The Coast News Group
Life is revealed at low tide. Photo by Chris Ahrens
Columns Waterspot

Waterspot: At low tide, see what you’ve been missing

The surf is small to nonexistent, and the tide is low enough to walk from Cardiff to Catalina like Moses fleeing Pharaoh’s army. Surfers pull up in droves, check it out, shake their heads, get back into their cars and drive home to something less enjoyable (that would be everything else) than surfing.

But maybe said surfers are missing something. Here is a rare chance to view the reefs they have been riding over for, sometimes, decades. That deep cavern is where the wave slows down, that extended rock shelf sets up a racecourse that narrowly avoids closing out.

Then there is a long strip of sand turned into a magic path by walkers, runners and cyclists. The tide pools are alive with mini universes in vicious harmony as tiny creatures with murderous eyes toward one another kill their roommates with impunity.

Childlike wonder can be revived at first glance as tiny fish, newborn lobster and sea anemone attempt to outsmart one another in the game of life.

Tide pools are some of the best classrooms you can offer child. That, said, we need to be cautious not to tramp down the stairs en masse, nets and buckets in hand. Please know that a tide pool is a creature’s home. You are entitled to view it as you would a Christmas display. You are not, however, invited to invade it and remove its residents.

Sadly, there is evidence that not everyone understands this as sea life is often found clinging to life, abandoned on the sand, drying out and dying in the midday sun. As uncomfortable as it is to do, I have often stopped families returning home with treasures stolen from the sea.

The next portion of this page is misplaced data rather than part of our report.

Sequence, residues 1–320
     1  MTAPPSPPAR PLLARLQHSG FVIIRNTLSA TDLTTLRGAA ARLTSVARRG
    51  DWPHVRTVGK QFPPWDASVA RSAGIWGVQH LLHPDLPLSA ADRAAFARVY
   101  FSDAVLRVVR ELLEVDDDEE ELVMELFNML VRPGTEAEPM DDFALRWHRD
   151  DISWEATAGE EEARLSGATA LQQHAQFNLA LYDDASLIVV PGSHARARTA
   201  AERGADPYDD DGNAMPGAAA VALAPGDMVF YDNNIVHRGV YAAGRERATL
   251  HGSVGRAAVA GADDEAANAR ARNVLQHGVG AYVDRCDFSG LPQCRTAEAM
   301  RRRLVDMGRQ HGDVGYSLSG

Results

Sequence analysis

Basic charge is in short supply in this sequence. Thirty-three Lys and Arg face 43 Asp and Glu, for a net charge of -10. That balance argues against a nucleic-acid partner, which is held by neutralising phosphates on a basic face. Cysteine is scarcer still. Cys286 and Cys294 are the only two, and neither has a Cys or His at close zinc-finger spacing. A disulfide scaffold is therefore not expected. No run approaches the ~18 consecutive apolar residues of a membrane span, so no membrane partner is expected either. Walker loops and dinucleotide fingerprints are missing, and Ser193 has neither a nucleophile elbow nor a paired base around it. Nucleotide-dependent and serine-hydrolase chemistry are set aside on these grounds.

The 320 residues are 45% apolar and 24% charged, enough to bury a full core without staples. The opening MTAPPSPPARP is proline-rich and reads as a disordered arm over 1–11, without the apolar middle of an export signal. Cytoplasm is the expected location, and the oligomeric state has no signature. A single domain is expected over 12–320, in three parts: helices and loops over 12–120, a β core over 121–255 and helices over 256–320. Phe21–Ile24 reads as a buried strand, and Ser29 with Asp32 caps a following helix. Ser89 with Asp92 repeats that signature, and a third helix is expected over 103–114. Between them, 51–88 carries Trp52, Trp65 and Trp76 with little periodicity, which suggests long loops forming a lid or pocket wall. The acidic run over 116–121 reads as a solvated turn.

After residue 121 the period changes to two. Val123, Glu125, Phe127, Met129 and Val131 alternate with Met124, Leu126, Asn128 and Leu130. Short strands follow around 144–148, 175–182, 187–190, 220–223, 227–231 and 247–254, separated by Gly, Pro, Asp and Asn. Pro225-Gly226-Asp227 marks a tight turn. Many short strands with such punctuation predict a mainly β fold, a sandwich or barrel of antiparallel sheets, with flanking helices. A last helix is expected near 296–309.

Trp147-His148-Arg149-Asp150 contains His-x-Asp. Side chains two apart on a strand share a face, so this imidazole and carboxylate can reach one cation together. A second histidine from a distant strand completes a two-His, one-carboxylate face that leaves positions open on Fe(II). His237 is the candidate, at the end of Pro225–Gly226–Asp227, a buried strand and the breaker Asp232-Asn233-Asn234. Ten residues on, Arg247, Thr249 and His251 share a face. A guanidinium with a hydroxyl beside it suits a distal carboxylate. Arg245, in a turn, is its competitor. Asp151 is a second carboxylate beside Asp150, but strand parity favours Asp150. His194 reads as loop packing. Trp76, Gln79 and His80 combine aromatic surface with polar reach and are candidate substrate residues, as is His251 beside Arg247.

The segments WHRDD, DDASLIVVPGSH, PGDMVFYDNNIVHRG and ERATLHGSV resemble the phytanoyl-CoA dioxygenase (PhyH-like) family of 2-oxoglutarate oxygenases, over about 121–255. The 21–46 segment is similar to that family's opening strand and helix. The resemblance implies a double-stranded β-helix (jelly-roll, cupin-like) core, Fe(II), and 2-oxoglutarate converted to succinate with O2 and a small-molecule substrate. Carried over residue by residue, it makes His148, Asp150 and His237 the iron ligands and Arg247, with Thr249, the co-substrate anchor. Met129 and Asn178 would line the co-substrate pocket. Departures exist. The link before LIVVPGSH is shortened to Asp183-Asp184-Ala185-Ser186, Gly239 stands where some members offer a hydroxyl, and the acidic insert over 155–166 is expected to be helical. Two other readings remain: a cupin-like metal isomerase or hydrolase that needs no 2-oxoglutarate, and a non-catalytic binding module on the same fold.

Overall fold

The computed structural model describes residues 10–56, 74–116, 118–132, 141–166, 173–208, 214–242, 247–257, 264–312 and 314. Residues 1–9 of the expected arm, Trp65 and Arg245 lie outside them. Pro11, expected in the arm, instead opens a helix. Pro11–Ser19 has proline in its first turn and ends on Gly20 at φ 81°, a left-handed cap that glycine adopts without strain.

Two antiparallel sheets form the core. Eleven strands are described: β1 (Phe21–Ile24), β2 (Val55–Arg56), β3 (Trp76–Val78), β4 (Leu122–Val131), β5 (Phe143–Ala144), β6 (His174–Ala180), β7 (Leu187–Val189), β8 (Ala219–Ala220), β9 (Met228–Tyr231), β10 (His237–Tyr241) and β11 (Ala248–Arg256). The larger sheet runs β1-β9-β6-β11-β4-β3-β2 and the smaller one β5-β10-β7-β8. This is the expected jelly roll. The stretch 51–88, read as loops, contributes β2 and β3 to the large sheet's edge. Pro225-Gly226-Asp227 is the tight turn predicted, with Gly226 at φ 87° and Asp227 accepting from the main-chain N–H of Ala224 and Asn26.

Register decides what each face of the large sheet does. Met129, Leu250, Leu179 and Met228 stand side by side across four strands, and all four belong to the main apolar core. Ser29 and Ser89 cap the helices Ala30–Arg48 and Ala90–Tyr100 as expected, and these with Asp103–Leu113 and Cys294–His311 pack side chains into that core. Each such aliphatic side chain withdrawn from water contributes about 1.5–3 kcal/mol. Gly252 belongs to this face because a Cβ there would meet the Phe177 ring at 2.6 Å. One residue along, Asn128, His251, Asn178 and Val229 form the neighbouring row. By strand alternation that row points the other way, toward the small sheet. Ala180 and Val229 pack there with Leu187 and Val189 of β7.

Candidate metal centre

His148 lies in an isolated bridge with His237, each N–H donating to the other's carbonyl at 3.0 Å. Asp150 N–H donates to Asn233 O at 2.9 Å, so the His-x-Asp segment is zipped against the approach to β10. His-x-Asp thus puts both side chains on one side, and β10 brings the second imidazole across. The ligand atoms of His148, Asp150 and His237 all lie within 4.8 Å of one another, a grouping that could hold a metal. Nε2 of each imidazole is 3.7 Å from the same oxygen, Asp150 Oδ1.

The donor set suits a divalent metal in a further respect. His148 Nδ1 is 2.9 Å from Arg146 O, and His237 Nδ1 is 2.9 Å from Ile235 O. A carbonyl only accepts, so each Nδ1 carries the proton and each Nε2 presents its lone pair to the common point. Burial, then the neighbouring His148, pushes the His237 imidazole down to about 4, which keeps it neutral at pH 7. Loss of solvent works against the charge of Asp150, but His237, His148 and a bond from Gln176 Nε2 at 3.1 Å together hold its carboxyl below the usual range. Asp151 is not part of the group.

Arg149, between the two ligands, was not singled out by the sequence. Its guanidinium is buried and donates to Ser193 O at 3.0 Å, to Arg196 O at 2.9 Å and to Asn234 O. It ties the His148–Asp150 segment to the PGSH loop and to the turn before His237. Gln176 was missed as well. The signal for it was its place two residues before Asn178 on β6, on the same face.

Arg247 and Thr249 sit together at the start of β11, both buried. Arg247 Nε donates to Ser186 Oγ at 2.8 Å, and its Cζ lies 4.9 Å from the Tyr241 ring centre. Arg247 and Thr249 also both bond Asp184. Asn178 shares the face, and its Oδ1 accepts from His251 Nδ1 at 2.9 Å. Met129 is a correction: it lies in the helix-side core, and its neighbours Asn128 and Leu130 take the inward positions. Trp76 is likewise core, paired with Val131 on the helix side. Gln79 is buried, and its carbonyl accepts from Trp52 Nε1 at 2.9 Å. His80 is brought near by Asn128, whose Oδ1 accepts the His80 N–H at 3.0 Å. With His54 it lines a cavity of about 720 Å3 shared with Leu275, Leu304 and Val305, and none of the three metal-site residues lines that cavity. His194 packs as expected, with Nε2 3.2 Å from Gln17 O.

Of course none of this matters when low tide corresponds with a big north swell. Then, the beach disappears for surfers as they race over sealife that live within inches of sharp fins.  While these dead low tides are generally unfavorable for beach breaks, reefs and point waves come alive on them as formerly mushy sections peel off like a sheet metal roof in a Santa Ana. The dropping tide makes the waves steeper, faster and hollower, and beach inhabitants miss out on one of life’s greatest thrills, which might include a tube ride or two.

A word of warning to those who are not regular beachgoers: Just as what goes up must come down, so what goes out must come in. Tides shift regularly and low tides can come up quickly and trap unsuspecting adventurers. This is rarely dangerous, but can be very uncomfortable and lead to a long ride home in wet clothes.

On a slightly unrelated topic, please don’t seek shelter in beach caves, or camp too close to the cliffs. The caves and cliffs in North County are generally unstable and prone to collapse. Be safe, be courteous and by all means explore the world offered by a low tide.